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Comment Re:Let's not jump to conclusions, people (Score 1) 273

Two wrongs don't make a right.

She already agreed the home server was a bad decision on her part. But so far it's not illegal nor a clear violation of policy at the time (pending unknown details).

As a general observation, the rich get rich by driving at the absolute edge of permissible law. And if you don't get rich, you cannot practically run for office. Therefore, if you want to be a viable politician, you have to stretch the limits. If you want to win, you have to play "the game".

Trump openly admits he butters the system, and takes full advantage of existing laws (such as bankruptcy).

If you want to fix this in a general sense, then find a way to take the money out of politics.

There are rare cases where people get rich yet are fully honest, but I doubt they'd have to skills to battle their slimebag political competition. It's hard to outwit a slimebag without having some experience in slimebaggery.

(Rather than push for STEM in schools, perhaps they can push for slimebag courses. It may be less outsourceable.)

Comment Let's not jump to conclusions, people (Score 1) 273

She is supposed to be so smart yet she did not think that the Secretary of State would be handing confidential / secret / top secret information via email?

The "office" server she should have been using was ALSO not designed for confidential/secret info. Thus, the "home" thing is NOT the issue here (yet).

So far we don't know if anything she sent/received was secret at the time it was sent. That's still an open issue. We only know that some of it has since been classified (or should have been classified).

And if somebody did send her classified info, she still may not be culpable for it. Unless it's an obvious "special" message, it may not be her to job to determine classification categories anymore than it's her job to check server ports.

If somebody sends you a bad email, is it your fault or the senders?

If it's obviously a bad email, then the receiver should report it. But if it's subtlety bad (or secret) such that the determiner-of-badness is a specialized skill, then we wouldn't expect the receiver to also have that specialized categorization skill.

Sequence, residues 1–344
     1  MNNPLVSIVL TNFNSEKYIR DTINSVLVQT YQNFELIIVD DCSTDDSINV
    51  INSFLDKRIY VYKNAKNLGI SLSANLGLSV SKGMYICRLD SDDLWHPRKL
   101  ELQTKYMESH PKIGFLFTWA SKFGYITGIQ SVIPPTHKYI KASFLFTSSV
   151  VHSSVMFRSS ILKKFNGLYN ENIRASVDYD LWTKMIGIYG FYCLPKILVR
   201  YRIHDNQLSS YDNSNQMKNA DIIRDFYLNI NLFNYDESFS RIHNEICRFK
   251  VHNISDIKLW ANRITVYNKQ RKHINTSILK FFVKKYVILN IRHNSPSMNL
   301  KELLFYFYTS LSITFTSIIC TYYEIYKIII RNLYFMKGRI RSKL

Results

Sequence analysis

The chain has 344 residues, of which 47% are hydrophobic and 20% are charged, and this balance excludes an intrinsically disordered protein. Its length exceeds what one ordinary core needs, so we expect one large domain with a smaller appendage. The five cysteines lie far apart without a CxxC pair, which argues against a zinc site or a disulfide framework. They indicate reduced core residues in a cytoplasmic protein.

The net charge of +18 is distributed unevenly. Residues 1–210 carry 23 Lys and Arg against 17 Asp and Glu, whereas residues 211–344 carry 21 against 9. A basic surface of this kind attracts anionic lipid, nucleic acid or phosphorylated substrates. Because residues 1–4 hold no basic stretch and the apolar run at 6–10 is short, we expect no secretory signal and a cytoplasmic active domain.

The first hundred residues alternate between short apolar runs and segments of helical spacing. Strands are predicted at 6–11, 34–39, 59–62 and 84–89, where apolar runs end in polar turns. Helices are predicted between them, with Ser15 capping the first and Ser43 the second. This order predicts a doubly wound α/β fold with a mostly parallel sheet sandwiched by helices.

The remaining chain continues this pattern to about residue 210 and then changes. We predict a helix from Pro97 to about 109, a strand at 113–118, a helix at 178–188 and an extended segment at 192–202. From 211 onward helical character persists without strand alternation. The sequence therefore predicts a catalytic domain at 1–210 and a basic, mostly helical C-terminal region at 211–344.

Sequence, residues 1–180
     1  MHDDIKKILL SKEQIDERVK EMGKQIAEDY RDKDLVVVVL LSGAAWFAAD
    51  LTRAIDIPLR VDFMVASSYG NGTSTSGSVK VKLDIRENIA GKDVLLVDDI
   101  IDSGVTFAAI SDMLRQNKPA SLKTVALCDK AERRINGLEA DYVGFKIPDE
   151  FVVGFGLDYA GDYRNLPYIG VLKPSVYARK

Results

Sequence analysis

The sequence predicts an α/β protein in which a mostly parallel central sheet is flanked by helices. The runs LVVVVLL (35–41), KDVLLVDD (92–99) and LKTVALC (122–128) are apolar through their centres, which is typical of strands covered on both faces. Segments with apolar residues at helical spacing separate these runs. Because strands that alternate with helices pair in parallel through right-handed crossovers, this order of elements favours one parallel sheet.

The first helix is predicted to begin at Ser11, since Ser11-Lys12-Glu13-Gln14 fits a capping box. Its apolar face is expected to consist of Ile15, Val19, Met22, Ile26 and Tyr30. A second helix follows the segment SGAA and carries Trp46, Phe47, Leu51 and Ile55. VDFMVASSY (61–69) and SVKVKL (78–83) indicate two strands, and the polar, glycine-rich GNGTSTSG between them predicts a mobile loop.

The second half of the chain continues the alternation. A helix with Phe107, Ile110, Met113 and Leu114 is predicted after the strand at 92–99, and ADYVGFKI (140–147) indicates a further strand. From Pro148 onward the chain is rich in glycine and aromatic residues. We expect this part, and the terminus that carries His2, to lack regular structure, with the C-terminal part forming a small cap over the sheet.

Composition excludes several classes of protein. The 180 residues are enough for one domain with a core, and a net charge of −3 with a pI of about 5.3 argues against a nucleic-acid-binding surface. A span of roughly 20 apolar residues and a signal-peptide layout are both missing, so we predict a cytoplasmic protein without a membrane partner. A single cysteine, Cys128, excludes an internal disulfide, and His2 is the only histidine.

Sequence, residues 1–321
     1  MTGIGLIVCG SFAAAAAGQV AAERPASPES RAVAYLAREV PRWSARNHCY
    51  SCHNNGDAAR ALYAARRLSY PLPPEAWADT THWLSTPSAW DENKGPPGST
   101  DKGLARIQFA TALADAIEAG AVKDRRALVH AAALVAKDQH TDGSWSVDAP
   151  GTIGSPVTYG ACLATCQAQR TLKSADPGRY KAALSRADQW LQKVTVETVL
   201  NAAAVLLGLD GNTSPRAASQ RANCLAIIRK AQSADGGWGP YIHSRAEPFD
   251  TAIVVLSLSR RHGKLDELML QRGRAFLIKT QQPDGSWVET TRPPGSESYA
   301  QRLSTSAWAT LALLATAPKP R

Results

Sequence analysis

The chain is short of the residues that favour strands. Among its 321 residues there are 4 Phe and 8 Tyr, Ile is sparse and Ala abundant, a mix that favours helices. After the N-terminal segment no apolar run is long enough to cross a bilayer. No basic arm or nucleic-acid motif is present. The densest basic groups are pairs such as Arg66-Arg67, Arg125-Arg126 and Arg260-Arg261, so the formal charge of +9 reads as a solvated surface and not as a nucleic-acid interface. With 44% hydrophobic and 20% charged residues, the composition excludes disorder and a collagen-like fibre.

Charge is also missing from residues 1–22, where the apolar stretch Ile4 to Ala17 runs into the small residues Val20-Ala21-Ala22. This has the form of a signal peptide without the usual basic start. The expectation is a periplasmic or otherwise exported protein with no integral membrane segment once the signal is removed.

There's a lot of potential work-flow and responsibility paths here. The devil's in the details, which we don't have yet.

Comment What are they COMPARING it to? (Score 1) 273

The "office" email server she should have been using may have also been poorly configured. We know it was poorly backed up because it crashed and data was lost.

If it was poorly backed up, it was likely poorly configured also because this suggests support in general was slack. At least her own server lasted longer.

We may be comparing a Ford Pinto to a Yugo here, except the Yugo has since died and been scrapped so that we cannot examine it (unless somebody kept an old scan record.)

Comment Web Languages of the World, Unite! (Score 1) 74

I don't know why we have 3 different client-side languages: CSS, HTML, and JavaScript. Why not unite them? HTML (or XML) can define styles, and even be a scripting language, similar to ColdFusion (but with better use of attributes). We could then use some programming to get better factoring or control of styles etc.

Some suggest Lisp, but I have to agree Lisp is just too hard to read if the author is not really careful. (Some seem to be born with "Lisp eyes". I'm not one of them.) XML can be verbose, but is generally easier to read than Lisp for most. The block end marker having the same name as the block starter seems to help readability and make it easier to fix textual mistakes.

Comment Gray versus grey (Score 2) 74

In 1988, X11R2 arrived with the addition of three colors, including the identical shades "gray" and "grey." According to Austin-based developer Alex Sexton, discussing the colors at a JavaScript Conference last year, programmers at Hewlett-Packard couldn't remember the proper spelling (which was originally with an 'a'). Including two names, it was thought, would prevent errors.

I looked into this once, and found that one is a UK convention and the the other a US convention (gray).

Comment It *is* a science, but a hard one (Score 1) 359

Economics is a science, or at least would be if done right.

Science is about predicting, modeling, and understanding the real world. Economics is the real world.

The "problem" is that it's a messy science with lot of variables, including human behavior. It's also difficult to get something close to controlled studies, as each situation is a different combo of factors. But this is also true of cosmology where we can't reboot the universe to try different things: we have to observe just the one we got.

Just because it's a difficult science does NOT make it a non-science. Nobody said science has to be easy to be science.

Comment Re:Article also misses a major point (Score 2) 263

...based on a deterministic view of the universe - one without quantum mechanics. This viewpoint is false.

A deterministic model may be a sufficient emulation even if not a perfect emulation.

After all, a lot of people take drugs, caffeine, alcohol, get smashed in the head in football or a swimming accident, get diabetes, and still are usually more or less themselves. The brain is designed to handle a degree of "noise" and damage, and this could very well include the "noise" of an imperfect model of itself. How much is "good enough", we don't yet know.

"Stupidity, like virtue, is its own reward" -- William E. Davidsen